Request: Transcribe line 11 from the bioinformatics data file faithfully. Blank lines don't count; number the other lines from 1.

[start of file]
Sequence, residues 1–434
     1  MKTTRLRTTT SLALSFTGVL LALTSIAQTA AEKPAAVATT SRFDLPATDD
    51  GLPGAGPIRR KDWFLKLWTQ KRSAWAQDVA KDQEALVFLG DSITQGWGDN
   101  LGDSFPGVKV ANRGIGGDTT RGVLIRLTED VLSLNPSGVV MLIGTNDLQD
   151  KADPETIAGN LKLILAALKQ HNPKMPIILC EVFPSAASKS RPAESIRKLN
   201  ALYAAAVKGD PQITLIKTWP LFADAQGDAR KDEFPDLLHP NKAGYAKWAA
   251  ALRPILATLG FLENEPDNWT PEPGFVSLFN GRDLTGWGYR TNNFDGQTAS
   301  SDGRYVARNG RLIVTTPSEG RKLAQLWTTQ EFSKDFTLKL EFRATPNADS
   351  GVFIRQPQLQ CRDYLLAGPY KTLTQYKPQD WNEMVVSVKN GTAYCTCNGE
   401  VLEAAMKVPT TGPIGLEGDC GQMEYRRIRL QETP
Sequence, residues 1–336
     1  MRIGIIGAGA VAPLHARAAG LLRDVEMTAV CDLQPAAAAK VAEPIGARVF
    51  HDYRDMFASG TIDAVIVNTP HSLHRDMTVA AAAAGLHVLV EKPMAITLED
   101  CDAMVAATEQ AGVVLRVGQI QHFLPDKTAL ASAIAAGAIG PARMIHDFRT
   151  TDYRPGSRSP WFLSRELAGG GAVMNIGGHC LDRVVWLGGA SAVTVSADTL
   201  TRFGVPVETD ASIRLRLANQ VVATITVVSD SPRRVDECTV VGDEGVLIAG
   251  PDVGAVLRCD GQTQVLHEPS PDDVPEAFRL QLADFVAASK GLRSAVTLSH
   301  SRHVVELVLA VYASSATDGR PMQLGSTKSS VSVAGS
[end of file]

Sequence, residues 1–336